First, we need to talk about the name. Black Milk. I’m really not sure whether the name’s supposed to make me feel uneasy, but it does. I’m not much of a milk drinker, but to think of black milk…not exactly changing my mind.
Thankfully, Curtis Cross is a much better beat-meister and rhymer than the image the name evokes. Making his way out of Detroit, Cross beats A Tribe Called Quest, Slum Village (who he produced beats for on 2002’s “Trinity”) and Parliament at their own game. And his style really seems to flow more out of the J Dilla/Madlib route.
Instead of just offering a taste, Black Milk’s MySpace features no less than 16 tracks. “Give the Drummer Sum” may be the standout, proving exactly why the rapper is a nice antidote to pop rap on the charts. Instead of freaking out about sounding like a robot with auto-tune, Milk chipmunks himself, over snapping drum kit and Sly Stone synth organ stabs. The video’s just as sharp, Cross crooning at a mic while a few drummers spin around him.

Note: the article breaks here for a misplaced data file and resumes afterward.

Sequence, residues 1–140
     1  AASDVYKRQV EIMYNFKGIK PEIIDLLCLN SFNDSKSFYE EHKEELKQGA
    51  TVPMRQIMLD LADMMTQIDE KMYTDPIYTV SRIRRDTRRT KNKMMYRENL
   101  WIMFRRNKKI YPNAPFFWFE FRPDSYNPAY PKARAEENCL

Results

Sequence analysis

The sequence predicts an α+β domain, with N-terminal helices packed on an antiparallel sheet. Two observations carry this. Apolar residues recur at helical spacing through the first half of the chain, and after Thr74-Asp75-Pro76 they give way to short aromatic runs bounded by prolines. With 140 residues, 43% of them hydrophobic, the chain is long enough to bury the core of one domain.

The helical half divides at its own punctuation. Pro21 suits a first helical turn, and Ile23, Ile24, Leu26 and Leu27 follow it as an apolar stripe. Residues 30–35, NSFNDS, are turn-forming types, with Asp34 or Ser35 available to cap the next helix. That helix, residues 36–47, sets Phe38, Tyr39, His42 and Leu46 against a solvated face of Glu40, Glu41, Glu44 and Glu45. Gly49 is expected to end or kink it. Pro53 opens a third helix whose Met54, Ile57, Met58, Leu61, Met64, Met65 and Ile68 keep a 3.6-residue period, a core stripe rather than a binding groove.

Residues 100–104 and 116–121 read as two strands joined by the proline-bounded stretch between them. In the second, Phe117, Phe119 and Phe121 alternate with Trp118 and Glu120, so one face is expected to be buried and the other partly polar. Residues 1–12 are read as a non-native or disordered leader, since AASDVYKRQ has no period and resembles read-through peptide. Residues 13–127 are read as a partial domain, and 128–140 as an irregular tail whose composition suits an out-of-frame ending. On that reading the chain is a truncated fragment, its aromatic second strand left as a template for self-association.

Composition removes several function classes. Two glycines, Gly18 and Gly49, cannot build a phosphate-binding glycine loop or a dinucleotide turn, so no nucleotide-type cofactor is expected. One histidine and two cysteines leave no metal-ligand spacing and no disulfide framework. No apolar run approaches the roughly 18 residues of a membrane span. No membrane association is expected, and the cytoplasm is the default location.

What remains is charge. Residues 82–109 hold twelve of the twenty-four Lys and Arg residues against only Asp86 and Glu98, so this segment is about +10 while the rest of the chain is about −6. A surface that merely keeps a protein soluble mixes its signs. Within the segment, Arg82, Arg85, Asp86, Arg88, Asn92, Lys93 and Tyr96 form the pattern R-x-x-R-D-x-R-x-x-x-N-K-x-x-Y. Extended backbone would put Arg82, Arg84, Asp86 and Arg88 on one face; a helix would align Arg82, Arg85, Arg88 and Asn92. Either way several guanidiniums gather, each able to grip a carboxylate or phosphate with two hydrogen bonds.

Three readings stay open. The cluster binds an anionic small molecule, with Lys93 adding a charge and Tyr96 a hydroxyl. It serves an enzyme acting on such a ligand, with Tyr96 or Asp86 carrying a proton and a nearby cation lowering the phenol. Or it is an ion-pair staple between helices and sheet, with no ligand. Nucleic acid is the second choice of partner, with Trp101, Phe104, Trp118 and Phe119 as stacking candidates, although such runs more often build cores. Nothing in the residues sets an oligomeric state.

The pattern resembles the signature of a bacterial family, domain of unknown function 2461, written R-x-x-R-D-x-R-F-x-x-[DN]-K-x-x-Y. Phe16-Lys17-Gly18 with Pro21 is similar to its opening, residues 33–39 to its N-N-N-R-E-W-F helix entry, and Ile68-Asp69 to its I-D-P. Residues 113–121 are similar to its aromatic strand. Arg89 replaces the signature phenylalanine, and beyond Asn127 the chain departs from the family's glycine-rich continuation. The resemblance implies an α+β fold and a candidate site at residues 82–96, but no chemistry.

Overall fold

“The Matrix” features high caliber (well, high caliber for underground hip-hop) guests, most notably among them, Pharaoh Monch, the hero behind 2007’s outstanding Desire. “Hold It Down” samples Gary Numan and “Bounce” features the ill line “That’s when I clock in as an option when you need a fresh breath of oxygen.” With a flow in line with Kanye, but with beats that sound like MF Doom could be working over them, Black Milk is definitely someone to keep an eye on. His latest album, Tronic, may have been overlooked by some in 2008, but it’s easily one of the best hip-hop releases of the year, on par with Wale’s Mixtape About Nothing or The Cool Kids’ Bake Sale EP.
If you’re tired of your friends talking about Weezy or T.I., give them a little taste of Black Milk and you’ll hear about nothing else. Well, maybe taste is the wrong word, but you get the picture.
“Give The Drummer Sum”